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|Title:||Vein identification for forensic investigation||Authors:||Zhang Hengyi||Keywords:||DRNTU::Engineering::Computer science and engineering::Computing methodologies::Image processing and computer vision||Issue Date:||2015||Source:||Zhang, H. (2015). Vein identification for forensic investigation. Doctoral thesis, Nanyang Technological University, Singapore.||Abstract:||With newly developed methods, blood vessel patterns hidden in color images become observable. In this research, we extend traditional blood vessel recognition from high quality blood vessel patterns collected from fingers, hands and wrists to low quality blood vessel patterns collected from other body parts, where skin is thicker. Blood vessel extraction and matching algorithms with special schemes designed for noisy patterns are proved to be effective for both infrared images and color images. Two fusion rules are also designed to combine blood vessel patterns uncovered by different methods. The encouraging matching results and the genetic dependence analysis show the potential of body blood vessel patterns for forensic investigation. According to our best knowledge, no one did similar research before. For evaluation of the proposed algorithms, we have developed a skin image collection system capturing both color and NIR images from 328 individuals. The experimental results on 1900 color images and 1900 infrared images from 490 forearms and 460 thighs demonstrate that the matching performance of the blood vessel patterns from the color images is comparable with that from the infrared images. With the proposed automatic blood vessel pattern matching algorithm, we also analyze and measure the similarity between 234 genetically identical forearm pairs and 204 genetically identical thigh pairs. Experimental results indicate that genetically identical blood vessel patterns have extra similarity, but they are distinguishable. Blood vessel uncovering methods are also improved during this research in two approaches. The first approach is based on image mapping using synchronized color and NIR image pairs and a neural network (NN) with automatic adjustment in weights and image intensities. The second approach uses multiple mapping models and local parameter estimation to improve the visualization of blood vessel patterns. The uncovering methods are also applied to images collected from the Internet.||URI:||http://hdl.handle.net/10356/63320||Fulltext Permission:||restricted||Fulltext Availability:||With Fulltext|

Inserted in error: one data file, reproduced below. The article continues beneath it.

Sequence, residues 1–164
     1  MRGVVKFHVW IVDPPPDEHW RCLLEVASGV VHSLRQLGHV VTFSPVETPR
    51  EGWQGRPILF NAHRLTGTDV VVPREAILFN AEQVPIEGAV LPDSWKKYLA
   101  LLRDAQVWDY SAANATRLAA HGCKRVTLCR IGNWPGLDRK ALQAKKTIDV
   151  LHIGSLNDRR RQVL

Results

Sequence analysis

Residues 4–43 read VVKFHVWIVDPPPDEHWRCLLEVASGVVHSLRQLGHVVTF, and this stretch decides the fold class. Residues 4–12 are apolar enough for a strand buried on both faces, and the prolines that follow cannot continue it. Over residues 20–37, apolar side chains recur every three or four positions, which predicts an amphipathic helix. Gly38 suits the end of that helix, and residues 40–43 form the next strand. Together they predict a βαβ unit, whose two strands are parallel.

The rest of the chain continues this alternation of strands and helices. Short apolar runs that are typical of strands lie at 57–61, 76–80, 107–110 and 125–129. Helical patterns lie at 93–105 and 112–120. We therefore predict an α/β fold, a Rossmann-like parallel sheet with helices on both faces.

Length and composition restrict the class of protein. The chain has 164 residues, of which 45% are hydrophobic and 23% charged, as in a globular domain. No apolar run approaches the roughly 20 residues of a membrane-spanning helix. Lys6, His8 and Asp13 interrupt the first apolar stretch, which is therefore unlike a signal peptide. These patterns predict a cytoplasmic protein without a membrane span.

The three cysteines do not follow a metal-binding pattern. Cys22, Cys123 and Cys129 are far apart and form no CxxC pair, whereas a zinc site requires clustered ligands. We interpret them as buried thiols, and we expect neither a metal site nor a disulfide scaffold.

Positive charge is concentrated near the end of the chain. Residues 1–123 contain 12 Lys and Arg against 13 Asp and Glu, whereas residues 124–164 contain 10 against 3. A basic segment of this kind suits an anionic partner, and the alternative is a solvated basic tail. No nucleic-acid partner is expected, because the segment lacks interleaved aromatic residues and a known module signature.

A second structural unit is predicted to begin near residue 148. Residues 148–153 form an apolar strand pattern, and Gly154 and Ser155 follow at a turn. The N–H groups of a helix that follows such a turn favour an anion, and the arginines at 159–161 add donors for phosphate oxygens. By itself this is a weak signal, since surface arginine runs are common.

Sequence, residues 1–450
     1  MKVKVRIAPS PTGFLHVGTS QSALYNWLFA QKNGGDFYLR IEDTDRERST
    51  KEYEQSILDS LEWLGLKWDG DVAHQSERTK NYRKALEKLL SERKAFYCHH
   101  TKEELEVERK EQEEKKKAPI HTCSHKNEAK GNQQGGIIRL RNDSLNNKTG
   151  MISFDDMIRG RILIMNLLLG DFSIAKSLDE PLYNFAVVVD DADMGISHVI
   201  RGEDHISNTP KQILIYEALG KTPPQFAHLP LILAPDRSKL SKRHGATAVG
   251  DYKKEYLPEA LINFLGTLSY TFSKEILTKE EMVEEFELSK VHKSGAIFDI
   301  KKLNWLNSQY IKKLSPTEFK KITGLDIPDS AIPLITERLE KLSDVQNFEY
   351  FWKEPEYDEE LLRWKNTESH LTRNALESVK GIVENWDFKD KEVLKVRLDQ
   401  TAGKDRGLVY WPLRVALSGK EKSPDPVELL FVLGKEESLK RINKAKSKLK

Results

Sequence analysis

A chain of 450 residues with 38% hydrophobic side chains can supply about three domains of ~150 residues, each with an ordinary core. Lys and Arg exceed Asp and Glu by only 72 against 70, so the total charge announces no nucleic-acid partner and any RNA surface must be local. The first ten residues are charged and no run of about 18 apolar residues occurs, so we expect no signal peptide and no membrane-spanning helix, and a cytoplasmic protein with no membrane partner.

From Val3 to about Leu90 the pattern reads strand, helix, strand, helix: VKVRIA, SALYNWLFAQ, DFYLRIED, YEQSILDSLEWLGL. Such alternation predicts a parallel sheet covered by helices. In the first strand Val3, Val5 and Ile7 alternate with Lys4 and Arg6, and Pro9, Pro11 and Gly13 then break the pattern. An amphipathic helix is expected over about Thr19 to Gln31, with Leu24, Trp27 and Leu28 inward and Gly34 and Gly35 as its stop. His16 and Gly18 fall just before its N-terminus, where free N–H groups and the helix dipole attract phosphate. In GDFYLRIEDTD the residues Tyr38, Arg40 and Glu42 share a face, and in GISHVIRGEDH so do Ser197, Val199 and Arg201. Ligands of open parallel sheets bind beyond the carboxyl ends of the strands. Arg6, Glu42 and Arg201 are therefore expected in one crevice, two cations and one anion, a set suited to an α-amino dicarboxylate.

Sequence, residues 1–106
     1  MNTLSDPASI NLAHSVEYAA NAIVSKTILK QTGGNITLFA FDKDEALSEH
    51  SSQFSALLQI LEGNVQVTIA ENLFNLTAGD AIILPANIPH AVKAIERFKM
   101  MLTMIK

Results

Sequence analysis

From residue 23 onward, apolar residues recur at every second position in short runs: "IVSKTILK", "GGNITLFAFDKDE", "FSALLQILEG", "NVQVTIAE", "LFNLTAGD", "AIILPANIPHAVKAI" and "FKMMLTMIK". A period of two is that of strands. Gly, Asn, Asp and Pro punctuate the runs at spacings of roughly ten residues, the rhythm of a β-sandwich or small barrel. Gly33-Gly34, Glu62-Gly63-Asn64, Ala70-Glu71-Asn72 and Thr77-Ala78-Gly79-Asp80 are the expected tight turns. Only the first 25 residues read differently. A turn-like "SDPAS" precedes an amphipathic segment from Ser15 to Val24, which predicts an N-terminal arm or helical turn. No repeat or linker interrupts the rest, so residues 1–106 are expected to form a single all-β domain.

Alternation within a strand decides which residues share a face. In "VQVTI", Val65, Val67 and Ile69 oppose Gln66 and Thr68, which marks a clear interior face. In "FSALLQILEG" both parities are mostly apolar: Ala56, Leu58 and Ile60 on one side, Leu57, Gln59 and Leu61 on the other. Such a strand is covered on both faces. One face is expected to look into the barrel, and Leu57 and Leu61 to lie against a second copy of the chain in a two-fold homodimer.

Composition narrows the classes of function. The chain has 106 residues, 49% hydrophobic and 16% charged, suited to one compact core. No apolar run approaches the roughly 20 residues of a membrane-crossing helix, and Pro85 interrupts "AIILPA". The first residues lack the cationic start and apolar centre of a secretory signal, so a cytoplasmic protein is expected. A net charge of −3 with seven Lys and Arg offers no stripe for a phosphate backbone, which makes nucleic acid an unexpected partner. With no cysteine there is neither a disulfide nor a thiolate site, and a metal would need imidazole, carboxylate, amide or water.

|Appears in Collections:||SCSE Theses|
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